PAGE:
Deadshirt Is Reading… is a weekly feature in which Deadshirt’s staff, contributing writers, and friends-of-the-site offer their thoughts on Big Two cape titles, creator-owned books, webcomics and more. For more of our thoughts on this week’s new comics, take a look at Wednesday’s Deadshirt Comics Shopping List.
David Uzumeri is reading…
Written by Tom King
Art by Toby Cypress
Colored by Romulo Fajardo Jr.
Lettered by Pat Brosseau
“My father makes me kill people. Every morning, as the sun comes.”
Omega Men launched with an eight-page preview short where the relatively obscure group of DC characters murdered beloved Green Lantern Kyle Rayner live on space air in a mock ISIS beheading video. It hasn’t exactly gotten all that much less crazy or ballsy since.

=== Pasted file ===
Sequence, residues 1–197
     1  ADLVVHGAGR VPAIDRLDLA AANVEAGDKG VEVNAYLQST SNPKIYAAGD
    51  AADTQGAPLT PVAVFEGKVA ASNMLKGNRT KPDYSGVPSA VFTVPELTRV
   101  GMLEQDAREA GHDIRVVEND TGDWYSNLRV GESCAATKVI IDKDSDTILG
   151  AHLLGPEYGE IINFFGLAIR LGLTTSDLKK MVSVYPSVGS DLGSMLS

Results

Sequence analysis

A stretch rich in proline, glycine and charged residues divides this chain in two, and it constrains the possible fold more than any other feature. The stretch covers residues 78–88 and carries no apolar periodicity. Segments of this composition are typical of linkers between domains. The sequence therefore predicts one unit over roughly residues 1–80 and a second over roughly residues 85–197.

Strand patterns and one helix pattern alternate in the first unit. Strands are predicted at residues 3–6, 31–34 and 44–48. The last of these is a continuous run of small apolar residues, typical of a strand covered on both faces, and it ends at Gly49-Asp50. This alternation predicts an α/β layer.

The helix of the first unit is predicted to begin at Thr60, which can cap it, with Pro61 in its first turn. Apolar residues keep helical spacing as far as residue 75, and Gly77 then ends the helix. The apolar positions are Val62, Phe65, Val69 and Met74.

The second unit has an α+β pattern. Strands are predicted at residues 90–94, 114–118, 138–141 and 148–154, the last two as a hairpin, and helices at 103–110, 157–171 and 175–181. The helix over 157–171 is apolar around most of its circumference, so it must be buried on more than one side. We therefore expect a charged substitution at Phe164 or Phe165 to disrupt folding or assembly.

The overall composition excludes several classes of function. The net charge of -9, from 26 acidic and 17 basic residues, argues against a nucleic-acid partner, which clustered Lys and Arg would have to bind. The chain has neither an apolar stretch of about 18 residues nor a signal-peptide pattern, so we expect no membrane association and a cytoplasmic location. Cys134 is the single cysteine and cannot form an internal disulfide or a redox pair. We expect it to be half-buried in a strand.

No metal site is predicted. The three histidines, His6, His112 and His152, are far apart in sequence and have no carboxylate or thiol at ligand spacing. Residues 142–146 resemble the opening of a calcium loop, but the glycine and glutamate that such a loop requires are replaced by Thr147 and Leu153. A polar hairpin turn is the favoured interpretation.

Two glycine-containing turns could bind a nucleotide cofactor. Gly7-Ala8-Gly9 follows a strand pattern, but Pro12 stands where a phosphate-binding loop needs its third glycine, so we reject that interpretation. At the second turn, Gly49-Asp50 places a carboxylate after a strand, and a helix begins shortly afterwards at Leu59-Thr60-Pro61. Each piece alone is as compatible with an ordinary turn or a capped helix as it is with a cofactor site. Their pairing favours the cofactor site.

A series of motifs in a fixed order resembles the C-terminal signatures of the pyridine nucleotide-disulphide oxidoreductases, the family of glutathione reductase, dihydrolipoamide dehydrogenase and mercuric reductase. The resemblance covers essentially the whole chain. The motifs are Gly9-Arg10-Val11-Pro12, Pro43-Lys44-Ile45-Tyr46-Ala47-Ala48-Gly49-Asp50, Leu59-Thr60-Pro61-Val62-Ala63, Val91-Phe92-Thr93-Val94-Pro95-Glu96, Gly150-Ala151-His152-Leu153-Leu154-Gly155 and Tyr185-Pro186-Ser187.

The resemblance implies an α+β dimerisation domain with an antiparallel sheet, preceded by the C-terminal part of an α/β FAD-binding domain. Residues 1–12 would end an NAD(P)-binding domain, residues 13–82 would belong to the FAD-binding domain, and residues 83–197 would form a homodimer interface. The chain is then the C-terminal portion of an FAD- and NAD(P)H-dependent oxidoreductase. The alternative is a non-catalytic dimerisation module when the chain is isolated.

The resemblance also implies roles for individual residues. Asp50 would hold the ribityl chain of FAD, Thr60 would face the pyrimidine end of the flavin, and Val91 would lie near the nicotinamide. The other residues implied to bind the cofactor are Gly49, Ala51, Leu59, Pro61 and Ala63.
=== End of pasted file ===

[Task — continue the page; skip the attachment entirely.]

I’ve been a fan of writer Tom King’s stuff since his Futures End issue of the Grayson ongoing; I recognize a co-plotting credit belongs to Tim Seeley on that, and artist Stephen Mooney is no slouch either, but King’s weird backwards narrative—beginning with Grayson and Helena Bertinelli’s near-death via deathtrap and ending with young Robin helping Batman crack a code—was not only a really clever narrative device, but also went a long way towards selling their concept of Dick Grayson as a living history of the DC Universe, where you can practically measure its maturity by his own life stages and reboots.